Electric Vehicle (EV) company Tesla Inc. is reaching the end of its first year selling China-made cars with a leading position in the world’s biggest EV market, however, Elon Musk shouldn’t rest on his laurels and stop putting in the big efforts.
While Tesla’s multibillion-dollar Shanghai churned out Sedans regularly to make the company top monthly premium EV sales tallies this year, 2020 was also marked by rivals making their moves. Tesla is set to face increased competition in 2021.
China’s electric-car market, while still in its infancy, belittles other countries and the Chinese government is working on further expansion amid commitments to reduce fossil-fuel use. Whether Tesla can grow into a global carmaker depends on its fate in China. The ambitious investors are banking on Tesla’s abilities and pushed the company’s shares up almost 700% this year.
The front line competition facing Tesla is the trio of local champions Nio Inc., Xpeng Inc. and Li Auto Inc. All the three startups are quickly winning fans and enjoying backing from government entities with sales of their electric SUVs, sedans, and crossovers also going up in 2020 and their shares surging on Tesla’s coattails.
“Since June, you’ve seen a steady rise in sales by Nio, Xpeng, and Li,” said Bill Russo, founder, and chief executive officer of advisory firm Automobility Ltd. in Shanghai, according to Bloomberg. “Can you stay competitive with these fast-moving, internet-backed, very deep-pocketed companies?” he added.
China has emerged as Tesla’s most desirable market after the U.S., with 120,000 units sold this year, according to local registration data. As Tesla keeps working on increasing production in the city of Shanghai, analysts are prompted to forecast that Asia’s biggest economy will account for a bigger part of Tesla’s sales and earnings in the years ahead.
Wedbush Securities analyst Dan Ives said in a research note dated Dec. 21 that Tesla’s Model 3 sedans in China have higher profit margins than its vehicles in the U.S. and Europe, and up to 40% of Tesla’s sales by early 2022 could be raked in China. That compares with about 20% of the sales now.
“China could see eye-popping demand into 2021 and 2022 across the board with Tesla’s flagship Giga 3 footprint a major competitive advantage,” he said, referring to the Shanghai plant.
Model Y, Tesla’s next big thing, which Musk anticipated, can outsell all other vehicles the company makes. While it is already being built in California, a Shanghai-assembled version of the vehicle is also clearing the final regulatory stages to start selling in China by next year.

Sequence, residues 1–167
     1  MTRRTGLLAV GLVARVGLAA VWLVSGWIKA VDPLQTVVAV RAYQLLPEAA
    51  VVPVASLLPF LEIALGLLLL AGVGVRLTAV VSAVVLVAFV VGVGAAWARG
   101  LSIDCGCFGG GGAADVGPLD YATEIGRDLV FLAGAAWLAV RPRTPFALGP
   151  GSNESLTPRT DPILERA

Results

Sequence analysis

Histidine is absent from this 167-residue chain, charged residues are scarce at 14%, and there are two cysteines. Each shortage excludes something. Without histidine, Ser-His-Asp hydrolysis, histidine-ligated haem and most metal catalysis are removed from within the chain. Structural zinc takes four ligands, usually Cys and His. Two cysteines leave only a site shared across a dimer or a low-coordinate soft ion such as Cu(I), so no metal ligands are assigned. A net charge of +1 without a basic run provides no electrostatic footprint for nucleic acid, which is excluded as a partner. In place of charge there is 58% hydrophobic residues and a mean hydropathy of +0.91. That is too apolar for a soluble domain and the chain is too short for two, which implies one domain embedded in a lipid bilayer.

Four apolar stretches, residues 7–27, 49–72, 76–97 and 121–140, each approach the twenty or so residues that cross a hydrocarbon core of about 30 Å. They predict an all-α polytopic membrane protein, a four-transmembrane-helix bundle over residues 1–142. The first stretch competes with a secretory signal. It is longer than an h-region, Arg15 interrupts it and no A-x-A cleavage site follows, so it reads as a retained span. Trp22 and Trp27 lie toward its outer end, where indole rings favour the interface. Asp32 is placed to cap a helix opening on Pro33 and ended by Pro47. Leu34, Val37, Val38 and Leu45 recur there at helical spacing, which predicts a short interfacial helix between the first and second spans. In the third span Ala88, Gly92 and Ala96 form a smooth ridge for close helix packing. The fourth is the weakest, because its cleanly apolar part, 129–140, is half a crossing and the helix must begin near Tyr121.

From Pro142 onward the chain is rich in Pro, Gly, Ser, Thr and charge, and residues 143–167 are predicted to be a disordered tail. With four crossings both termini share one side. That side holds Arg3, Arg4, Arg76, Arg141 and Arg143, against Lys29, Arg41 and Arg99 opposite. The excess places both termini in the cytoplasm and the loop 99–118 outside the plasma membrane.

“China will continue to fuel Tesla’s global growth in 2021, more so than ever,” a JL Warren analyst, Sharon Li, said in a recent note.
China’s lower-tier cities, including Weifang and Linyi in northeastern Shandong province, are also home to Tesla centres as the company increases its geographic footprint. Meanwhile, smaller hubs, including Shijiazhuang and Haikou and larger cities, are also being focused on to bolster public and government relations.
The American company is starting local production of chargers in Shanghai to expand its charging network in more cities. It completed its 500th super-charging station recently, marching toward an annual target of 650.
China Passenger Car Association (PCA), a trade group, has predicted that Tesla will sell as many as 280,000 vehicles in the country next year. While it is a positive for Tesla that it represents an impressive growth over 2020, more than 80% of the market will still be left up for grabs. For 2021, the PCA has forecasted total sales of 1.7 million new energy vehicles.
That means combining the three local premium brands Nio, Xpeng, and Li are increasingly a threat; they already approach Tesla’s monthly sales tally. SAIC-GM Wuling Automobile Co. and BYD Co., which sell cheaper electric cars, are also upping their game.
The biggest of the Chinese trio of challengers, Nio, has steadily gained sales of its electric SUVs sold at a price as much as 40% higher than Tesla’s Model 3. The company has a proven retail strategy, including clubhouses with showrooms, workspaces, lounges, theatres, and even camp activities for customers’ children. Some pressure was felt by Nio earlier this year after a price cut by Tesla. Still, a subsequent reduction failed to have a similar impact, according to Nio CEO William Li on a recent earnings call.
“We didn’t see any specific impact on our order intake,” Li said. “This proves that we have our own unique advantages.”
Helped by lower prices than Tesla, Xpeng has also seen brisk sales growth. The company, which attempts to sell the smart features of its vehicles, raised $2.2 billion this month by capitalizing on a recent share-price surge and selling additional stock.
“I would call 2020 Year One of an intelligent electric-vehicle market in China,” Xpeng Vice Chairman Brian Gu said in a phone interview on Nov. 27. “We’re seeing really good sales of many good products.”
Conventional carmakers swiftly moving to electrified autos are the real rivals faced by Tesla and its Chinese competition. These include Volkswagen AG, which plans to introduce eight ID series, electric models, in China by 2023, and Daimler AG, the Mercedes-Benz luxury cars maker, which have launched the EQC electric SUV. Daimler AG plans to expand its lineup of purely battery-powered vehicles to at least 10 in the coming years.